Directed by Oliver Stone
Starring Taylor Kitsch, Blake Lively, Aaron Johnson, John Travolta, Benicio Del Toro, Salma Hayek
"Savages" is a minor story of cross-border narco violence enlivened by Oliver Stone's twisty, stylistic flair. It's a colorful, California- and Baja-set fantasy-nightmare, with pristine oceanside mansions, sun-drenched beaches and sleek environmentally-friendly interiors set against the grim, sadistic drug-trafficking underworld.
Taylor Kitsch and Aaron Johnson star as best friends Chon and Ben, a military vet and green-oriented UC Berkeley graduate. They're good buddies who share everything. Co-partners in an enormous, extremely profitable marijuana production and distribution business, the tandem alsodates the same woman: the beautiful but troubled O (Blake Lively). When a Mexican drug cartel infringes on the naive trio's Laguna Beach luxury, things get messy and violent fast.
The movie offers what's essentially a simplistic, candy-coated spin on "Breaking Bad," as our heroes are driven down the proverbial debaucherous rabbit hole. But it's tense and energized, propelled by Stone's tight grip on narrative momentum, his penchant for warped imagery and Benicio Del Toro's wickedly sadistic portrayal of the cartel's primo henchman.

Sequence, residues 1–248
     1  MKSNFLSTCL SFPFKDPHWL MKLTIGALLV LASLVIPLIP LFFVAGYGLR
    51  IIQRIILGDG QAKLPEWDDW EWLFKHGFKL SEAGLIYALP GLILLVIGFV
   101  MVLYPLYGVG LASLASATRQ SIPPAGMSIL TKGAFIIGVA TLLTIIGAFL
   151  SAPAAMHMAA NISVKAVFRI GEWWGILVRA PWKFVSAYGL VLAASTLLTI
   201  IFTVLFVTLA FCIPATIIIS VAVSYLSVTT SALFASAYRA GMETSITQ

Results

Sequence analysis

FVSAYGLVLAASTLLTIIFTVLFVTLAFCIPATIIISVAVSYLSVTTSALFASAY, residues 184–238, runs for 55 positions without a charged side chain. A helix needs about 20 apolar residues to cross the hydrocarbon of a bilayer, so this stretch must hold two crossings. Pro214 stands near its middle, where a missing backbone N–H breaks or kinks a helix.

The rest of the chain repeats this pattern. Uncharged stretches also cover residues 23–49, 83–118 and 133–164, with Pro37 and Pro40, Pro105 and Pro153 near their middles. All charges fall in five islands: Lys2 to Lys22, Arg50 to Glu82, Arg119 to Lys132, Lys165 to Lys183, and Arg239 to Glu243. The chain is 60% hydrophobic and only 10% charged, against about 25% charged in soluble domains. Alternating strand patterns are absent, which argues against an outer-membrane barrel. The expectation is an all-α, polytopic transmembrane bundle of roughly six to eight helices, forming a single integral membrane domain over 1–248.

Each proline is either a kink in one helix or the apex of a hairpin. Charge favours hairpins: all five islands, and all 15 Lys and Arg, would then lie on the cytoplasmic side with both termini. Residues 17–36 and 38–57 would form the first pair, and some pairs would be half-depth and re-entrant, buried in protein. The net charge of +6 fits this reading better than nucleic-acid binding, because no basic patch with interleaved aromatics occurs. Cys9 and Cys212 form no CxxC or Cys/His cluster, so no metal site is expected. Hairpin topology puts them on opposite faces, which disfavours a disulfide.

It's also a welcome return to form for the director, who shows off the dynamic filmmaking chops that have made him such an essential cinematic voice. This is much closer in tone and spirit to Stone's exciting "Wall Street" and "Natural Born Killers" periods than his recent run of mediocre propagandistic documentaries ("South of the Border") and highfalutin messes ("W."). Smartly refusing to turn "Savages" into an anti-drug war message, the filmmaker scrubs the production free of politics and zeros in on its genre roots.
A gleeful, entertaining concoction rife with unrestrained violence, sexuality and drug use, "Savages" stands apart from the teen-friendly ethos that drives the summer movie season. Trading in corrupt morals, featuring characters that don't learn their lessons, it's a nihilistic enterprise proudly geared toward adults. Sure, the protagonists are self-indulgent bores, the narrative peters out with a weird bout of self-reflexive tomfoolery and the movie won't be remembered as one of Stone's masterpieces. But it's a lot of fun.